The two days before D-day, ships of the naval task forces and aircraft of the Fast Carrier Force in support of the Fourth Division, systematically began to bomb and shell every square yard of Roi-Namur. The three battleships, The Tennessee, Maryland and Colorado--5 cruisers, and 19 destroyers combined in a non-stop barrage which laid 2,655 tons of steel on the islands.

Gun crews did their utmost to make certain that every Jap on the islands got at least one shell with his name on it. To add to the weight of our naval explosives, it was planned to land the Fourteenth Regiment, with its 75 mm pack howitzers and 105 mm howitzers on four small islands which flanked Roi-Namur. Two of these islands flanked the entrance to the lagoon. By seizing them we could secure passage that would allow us to assault Roi-Namur from inside the lagoon. From these flanking islands the artillery was to set up its guns, get the ranges, and give close fire support to the assault troops. This was Phase One of the operation, under the command of Brigadier General James L. Underhill, and took place on January 31, 1944.

The seizure of the small islands on either side of Roi-Namur fell to the Fourth Division's Scout Company and Regimental Combat Team Twenty-five. To the Scout Company and Lieutenant Colonel Clarence J. O'Donnell's First Battalion of the Twenty-fifth Marines, went the honor of being the first to land on ai enemy-defended island in the Marshalls. They went ashore at 0958, landing on the seaward side of Enneubing and Mellu Islands southwest of Roi-Namur. Operation maps had told of "submerged coral boulders.” Actually, the islands were protected by an exceedingly dangerous coral reef. This, and a high sea, caused many of the LVTs to broach and swamp. Fortunately, resistance was slight. Ennuebing was declared secure at 1055 and the larger Mellu at 1209. Artillery came ashore within an hour.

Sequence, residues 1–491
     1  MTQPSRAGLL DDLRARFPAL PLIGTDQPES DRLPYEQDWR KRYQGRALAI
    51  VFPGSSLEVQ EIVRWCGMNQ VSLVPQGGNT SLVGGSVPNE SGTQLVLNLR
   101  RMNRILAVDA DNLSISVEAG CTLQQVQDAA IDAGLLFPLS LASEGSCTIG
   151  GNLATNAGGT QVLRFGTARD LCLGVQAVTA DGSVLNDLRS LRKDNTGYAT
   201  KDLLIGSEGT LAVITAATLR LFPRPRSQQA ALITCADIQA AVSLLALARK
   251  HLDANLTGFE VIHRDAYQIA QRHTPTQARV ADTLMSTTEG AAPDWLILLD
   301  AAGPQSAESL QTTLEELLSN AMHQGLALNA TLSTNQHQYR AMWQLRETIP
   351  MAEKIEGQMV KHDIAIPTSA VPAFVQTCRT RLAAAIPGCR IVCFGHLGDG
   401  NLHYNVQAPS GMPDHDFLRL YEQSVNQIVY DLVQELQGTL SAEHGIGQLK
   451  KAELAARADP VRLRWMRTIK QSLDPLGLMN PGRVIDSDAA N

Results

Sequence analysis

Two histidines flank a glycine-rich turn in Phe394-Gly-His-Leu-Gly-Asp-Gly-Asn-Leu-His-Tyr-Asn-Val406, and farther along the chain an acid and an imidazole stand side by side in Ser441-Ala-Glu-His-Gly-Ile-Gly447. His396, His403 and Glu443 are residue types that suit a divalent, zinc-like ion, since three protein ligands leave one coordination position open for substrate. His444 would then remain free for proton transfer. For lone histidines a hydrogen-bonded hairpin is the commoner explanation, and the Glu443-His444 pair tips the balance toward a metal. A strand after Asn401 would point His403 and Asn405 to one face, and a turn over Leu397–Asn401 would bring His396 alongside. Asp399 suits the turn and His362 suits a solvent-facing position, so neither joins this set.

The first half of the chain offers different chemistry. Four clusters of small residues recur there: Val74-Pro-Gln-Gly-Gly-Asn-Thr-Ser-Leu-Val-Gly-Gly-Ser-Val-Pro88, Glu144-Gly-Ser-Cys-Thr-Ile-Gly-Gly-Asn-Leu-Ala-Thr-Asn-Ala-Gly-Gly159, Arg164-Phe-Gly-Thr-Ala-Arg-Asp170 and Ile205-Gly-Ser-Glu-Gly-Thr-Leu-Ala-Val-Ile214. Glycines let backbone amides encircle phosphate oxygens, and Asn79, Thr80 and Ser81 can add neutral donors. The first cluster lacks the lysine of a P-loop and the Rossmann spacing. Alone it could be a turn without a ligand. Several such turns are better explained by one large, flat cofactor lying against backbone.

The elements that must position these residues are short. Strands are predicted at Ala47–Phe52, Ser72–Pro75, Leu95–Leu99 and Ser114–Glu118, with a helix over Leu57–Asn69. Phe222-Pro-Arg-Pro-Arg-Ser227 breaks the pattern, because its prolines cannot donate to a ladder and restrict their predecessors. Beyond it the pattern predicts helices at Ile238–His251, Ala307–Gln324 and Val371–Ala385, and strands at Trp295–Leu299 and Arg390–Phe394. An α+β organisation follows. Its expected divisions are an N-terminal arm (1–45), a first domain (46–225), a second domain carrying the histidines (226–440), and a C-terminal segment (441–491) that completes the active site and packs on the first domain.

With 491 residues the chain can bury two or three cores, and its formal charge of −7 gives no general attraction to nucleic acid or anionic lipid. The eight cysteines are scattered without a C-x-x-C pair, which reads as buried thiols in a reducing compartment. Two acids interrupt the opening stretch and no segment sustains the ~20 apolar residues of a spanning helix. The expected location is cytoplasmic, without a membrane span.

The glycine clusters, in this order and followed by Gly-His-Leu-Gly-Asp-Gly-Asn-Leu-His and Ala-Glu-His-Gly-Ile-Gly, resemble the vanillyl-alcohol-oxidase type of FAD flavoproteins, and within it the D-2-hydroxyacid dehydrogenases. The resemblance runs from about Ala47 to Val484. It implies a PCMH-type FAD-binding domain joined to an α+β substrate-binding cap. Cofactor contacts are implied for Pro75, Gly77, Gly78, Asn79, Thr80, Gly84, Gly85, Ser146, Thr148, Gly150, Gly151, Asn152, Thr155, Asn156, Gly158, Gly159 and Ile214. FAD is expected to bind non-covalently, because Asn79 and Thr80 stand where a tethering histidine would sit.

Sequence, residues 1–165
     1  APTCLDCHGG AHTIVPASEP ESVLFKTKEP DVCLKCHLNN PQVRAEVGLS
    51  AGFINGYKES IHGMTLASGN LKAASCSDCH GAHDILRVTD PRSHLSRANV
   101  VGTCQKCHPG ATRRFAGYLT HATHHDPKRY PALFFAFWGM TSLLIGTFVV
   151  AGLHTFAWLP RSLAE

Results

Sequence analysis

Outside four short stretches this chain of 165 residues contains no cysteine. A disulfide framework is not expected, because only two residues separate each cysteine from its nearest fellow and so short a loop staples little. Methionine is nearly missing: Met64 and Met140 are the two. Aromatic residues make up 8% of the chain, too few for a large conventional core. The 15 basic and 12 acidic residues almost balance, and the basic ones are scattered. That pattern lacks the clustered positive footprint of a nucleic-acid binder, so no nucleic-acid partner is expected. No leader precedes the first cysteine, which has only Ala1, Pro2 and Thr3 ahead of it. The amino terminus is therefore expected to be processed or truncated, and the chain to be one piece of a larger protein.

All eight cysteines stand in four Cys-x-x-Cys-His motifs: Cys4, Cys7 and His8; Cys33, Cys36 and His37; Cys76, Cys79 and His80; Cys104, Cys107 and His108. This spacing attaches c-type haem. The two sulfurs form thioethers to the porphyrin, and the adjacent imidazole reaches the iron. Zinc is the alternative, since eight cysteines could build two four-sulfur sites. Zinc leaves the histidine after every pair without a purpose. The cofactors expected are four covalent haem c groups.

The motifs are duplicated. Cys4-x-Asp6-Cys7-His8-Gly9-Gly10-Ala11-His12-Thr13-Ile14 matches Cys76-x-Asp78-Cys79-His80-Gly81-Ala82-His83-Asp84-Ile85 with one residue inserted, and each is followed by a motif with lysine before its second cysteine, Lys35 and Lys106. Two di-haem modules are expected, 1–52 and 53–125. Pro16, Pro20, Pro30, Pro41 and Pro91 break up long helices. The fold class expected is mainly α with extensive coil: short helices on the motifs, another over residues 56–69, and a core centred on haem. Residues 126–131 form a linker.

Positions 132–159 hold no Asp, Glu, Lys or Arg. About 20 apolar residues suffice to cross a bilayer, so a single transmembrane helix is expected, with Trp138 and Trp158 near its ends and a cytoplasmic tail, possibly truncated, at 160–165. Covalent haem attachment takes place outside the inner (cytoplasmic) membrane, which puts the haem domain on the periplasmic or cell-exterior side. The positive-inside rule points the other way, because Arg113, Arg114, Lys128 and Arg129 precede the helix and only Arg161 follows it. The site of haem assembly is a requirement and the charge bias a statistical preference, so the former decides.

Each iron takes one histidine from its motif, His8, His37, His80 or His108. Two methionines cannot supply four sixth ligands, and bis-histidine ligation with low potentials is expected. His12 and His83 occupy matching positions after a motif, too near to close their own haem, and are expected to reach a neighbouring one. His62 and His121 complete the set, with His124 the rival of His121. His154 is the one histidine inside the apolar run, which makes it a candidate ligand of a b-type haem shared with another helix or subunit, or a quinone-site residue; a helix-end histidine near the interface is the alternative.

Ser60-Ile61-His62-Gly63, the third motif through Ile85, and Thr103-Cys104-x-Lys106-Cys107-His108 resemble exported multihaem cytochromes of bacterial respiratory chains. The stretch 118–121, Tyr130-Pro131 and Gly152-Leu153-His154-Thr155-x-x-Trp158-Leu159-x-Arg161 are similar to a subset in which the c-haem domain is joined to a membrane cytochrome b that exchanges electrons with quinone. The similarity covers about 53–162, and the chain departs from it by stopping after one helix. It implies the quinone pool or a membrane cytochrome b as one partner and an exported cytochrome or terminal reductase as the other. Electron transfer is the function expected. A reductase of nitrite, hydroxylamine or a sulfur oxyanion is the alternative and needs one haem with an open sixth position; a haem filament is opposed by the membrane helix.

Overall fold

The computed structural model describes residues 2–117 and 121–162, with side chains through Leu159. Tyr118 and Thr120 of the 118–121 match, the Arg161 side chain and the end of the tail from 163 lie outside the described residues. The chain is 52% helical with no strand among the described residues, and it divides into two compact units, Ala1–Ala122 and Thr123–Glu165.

Following this, the Second and Third Battalions of the Twenty-fifth, commanded by Lieutenant Colonel Lewis C. Hudson, Jr. and Justice M. Chambers, respectively, landed on three other islands to the southeast Roi-Namur---Ennubirr, Ennumennet, and Ennugarret. These were secured by nightfall and artillery landed on the following morning. On Ennubirr, the Second Battalion raised the first American flag in the Marshalls on a coconut tree. This battalion also seized an important communication center containing great quantities of American-made radio equipment.

The stage was now set for the main attack on Roi-Namur---Phase Two of the operation. This was be made from the lagoon side by RCTs Twenty-three and Twenty-four, each landing two battalions abreast, on the islands' four beaches. The First and Second Battalions of the Twenty-third, commanded by Lieutenant Colonels Hewin 0. Hammond and Edward J. Dillon, were to strike on Beaches Red 2 and 3 on Roi Island, and the Second and Third Battalions of the Twenty-fourth under Lieutenant Colonel Francis H. Brink and Lieutenant Colonel Austin R. Brunelli, respectively, were assigned Beaches Green 1 and 2 on Namur. The day was February 1, 1944. For most of the men in the Division this was their first time under fire.

Early in the morning the amphibian tractors rumbled down the ramps of the LSTS, and the LCVPs were swung over the sides of the transports. The ships were still far out in the lagoon, and the smoking island was but a streak of sand and haze in the distance. H-hour had been set for 1000, but shortly after the boats began rendezvousing word came to the wave commanders that the landing had been delayed. Men in the boats waited nervously.

Then, shortly after 1100, the assault units were waved over the line of departure, 4000 yards from the shore. Naval gunfire began to hurl its final salvos against the beach; dive-bombers plummeted down to drop 1,000-pound blockbusters on installations not yet completely demolished; fighter planes came over for strafing runs. It was the heaviest and most perfectly coordinated concentration of pre-landing bombardment yet seen in the Pacific.